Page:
Abel Gance faces the Apocalypse in Remarkable early French Talkie



In closeup, we see a classic Roman guard looking out at the packed crowd before him.  They, however, are all looking up.  Most are weeping.  A radiant woman, teary eyed, looking up.  Desperately sad men, looking up.  Mourning nuns in white, crouched at the foot of the cross, looking up.  

If the overwhelming tone of Biblical tragedy isn’t enough, the first shot of the crucified Christ makes all fairly clear.  A supernatural haze- the kind you only see in the most elegantly rendered silent films- imbues everyone with the kind of holy glow fitting for a the most dramatically staged Passion Play.  And hold on a second…!  Playing Christ on the cross is none other than this film’s director, the revered and famously ambitious Abel Gance (he of the unmatched five-and-a-half-hour three-screen epic of 1927, Napoleon)!  Huh, what to make of that…?

Finally, a wide shot reveals the scene as the cathedral-bound Passion Play it is.  In a modern day (1931), a jaded audience within the vast religious structure takes it in, looking up… at the elevated proscenium.  They’re quiet, though this is no silent film.  It is, in fact, the End of the World.  

Gance, obviously looking to take his craft to the nth degree, has opted to go apocalyptic.  While the Biblical analogues to their modern-day (meaning, 1931) characters is largely a lost cause (Jules Dassin’s He Who Must Die [1957] does a far better job of subverting a literal Mary Magdalene surrogate into a martyr), the filmmaker’s employment of cataclysmic spectacle more than redeems any shortcomings.

Primary among said shortcomings is the quality of the film’s tinny, muffled audio.  The Kino Classics’ Blu-ray’s only bonus feature (not counting a trailer), a thirty-plus-minute documentary about End of the World entitled On the Trail of a Dream, featuring expert exclamation from Laurent Véray, Serge Bromberg, Christophe Gauthier and Léon Rousseau, gets into the weeds of the issue.  Essentially, it comes down to Gance having picked the worst of the competing early synch sound processes.  I’ll leave further details to the interviewees, but suffice to say, it was the filmmaker’s decision, and a confounding one at that.  Although End of the World (La Fin du monde) stands tall at the very beginning of synch sound cinema in France, there was clear evidence even then that a different choice would’ve been more… sound.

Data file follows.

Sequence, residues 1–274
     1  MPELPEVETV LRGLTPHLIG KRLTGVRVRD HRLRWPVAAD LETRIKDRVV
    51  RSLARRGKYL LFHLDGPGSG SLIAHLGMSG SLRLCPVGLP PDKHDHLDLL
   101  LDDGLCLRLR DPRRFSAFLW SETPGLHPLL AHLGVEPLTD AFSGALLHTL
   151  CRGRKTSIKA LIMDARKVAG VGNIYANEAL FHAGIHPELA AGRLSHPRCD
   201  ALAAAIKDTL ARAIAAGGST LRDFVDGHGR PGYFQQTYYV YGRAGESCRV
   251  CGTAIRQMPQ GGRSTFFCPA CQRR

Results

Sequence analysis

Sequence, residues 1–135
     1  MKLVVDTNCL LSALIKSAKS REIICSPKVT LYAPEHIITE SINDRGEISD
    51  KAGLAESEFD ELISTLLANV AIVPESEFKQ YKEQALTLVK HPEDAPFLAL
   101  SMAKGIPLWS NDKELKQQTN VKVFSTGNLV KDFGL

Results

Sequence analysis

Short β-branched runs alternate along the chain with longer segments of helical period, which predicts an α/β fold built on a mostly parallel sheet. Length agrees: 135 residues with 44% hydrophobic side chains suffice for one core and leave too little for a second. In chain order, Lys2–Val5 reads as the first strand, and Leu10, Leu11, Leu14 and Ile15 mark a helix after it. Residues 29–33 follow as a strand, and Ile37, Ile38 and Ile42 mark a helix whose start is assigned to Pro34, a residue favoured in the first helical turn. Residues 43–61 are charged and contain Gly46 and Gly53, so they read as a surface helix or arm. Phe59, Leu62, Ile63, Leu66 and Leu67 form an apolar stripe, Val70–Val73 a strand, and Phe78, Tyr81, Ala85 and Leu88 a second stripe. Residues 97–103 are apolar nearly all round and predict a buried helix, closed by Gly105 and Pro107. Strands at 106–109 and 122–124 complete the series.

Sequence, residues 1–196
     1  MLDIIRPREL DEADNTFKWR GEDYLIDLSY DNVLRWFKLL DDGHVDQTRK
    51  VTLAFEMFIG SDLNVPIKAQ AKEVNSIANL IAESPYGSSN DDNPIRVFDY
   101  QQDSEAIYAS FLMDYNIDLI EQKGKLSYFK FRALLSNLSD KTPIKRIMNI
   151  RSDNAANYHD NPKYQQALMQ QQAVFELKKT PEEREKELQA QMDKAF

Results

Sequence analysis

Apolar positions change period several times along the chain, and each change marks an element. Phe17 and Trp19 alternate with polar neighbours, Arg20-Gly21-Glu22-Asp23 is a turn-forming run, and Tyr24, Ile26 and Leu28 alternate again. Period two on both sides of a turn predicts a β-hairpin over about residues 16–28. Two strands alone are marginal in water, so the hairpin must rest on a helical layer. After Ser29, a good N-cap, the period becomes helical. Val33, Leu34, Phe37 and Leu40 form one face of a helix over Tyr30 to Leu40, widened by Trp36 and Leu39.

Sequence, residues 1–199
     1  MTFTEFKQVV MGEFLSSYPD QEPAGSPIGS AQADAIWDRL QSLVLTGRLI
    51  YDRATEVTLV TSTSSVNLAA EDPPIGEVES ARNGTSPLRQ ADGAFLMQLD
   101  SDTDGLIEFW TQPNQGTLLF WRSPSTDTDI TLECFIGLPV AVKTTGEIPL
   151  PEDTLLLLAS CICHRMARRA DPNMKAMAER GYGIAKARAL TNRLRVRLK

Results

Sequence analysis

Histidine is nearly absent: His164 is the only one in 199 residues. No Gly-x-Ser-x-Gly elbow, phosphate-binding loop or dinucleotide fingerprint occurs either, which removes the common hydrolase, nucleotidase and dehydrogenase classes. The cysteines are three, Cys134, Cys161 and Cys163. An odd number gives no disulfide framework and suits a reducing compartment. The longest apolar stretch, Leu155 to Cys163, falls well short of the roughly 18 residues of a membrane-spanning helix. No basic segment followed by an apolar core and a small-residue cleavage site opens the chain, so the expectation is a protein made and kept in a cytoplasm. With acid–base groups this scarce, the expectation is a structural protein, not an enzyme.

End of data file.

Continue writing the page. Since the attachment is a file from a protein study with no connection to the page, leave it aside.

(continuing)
The film itself, while a stunner, is repeatedly called out by the four documentary participants as a deeply flawed and majorly compromised vision.  Even as a Gance novice, I understood that End of the World’s 105-minute running time is dramatically brief compared to Gance’s inflated D.W. Griffith-esque aspirations and whatnot.  Yet, I found myself fully enthralled by the existential desperation and meteoric destruction on screen.  It is discovered that a comet is on a collision course with Earth.  Such a collision would presumably mean the end of most life on the planet.  The question then becomes, what do we as humans do with our remaining time? 

For many, their answer is, don’t look up.  They choose to simply not believe it.  These are the wealthy and powerful, people who can’t fathom such a blow to their fragile reality of stature and, yes, decadence.  Though End of the World seems to sidestep overt political commentary, the fact that the one-percenter’s tuxedos-and-evening-gowns soirée held in society’s final moments degerates into a baseline orgy replete with madness kinda says it all.  

Paris is burning, not to mention the rest of the planet.  Go figure, scientists and journalists got it right.  The public is first informed with this understandably panic-inducing headline (translated here to English): “Appalling forecast: I predict the end of the world”.  Indeed, all things must pass- even the mighty movie career of Abel Gance.  We’re told by the experts that this would prove to be his final shot at massively extravagant cinematic glory.  And even then, it wasn’t at all as envisioned.  But as high falutin’ as Gance was posturing, the film itself, as represented on this fine Blu-ray release, urges us not to look back, but to rather look to the future, and also to simply look to the here and now.  And, most importantly, to earnestly look up.